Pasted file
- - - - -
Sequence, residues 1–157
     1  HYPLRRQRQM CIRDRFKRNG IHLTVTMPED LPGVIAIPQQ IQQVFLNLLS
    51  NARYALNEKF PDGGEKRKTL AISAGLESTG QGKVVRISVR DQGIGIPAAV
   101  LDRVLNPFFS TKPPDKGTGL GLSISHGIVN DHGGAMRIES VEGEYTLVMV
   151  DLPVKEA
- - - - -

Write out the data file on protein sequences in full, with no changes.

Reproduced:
Sequence, residues 1–157
     1  HYPLRRQRQM CIRDRFKRNG IHLTVTMPED LPGVIAIPQQ IQQVFLNLLS
    51  NARYALNEKF PDGGEKRKTL AISAGLESTG QGKVVRISVR DQGIGIPAAV
   101  LDRVLNPFFS TKPPDKGTGL GLSISHGIVN DHGGAMRIES VEGEYTLVMV
   151  DLPVKEA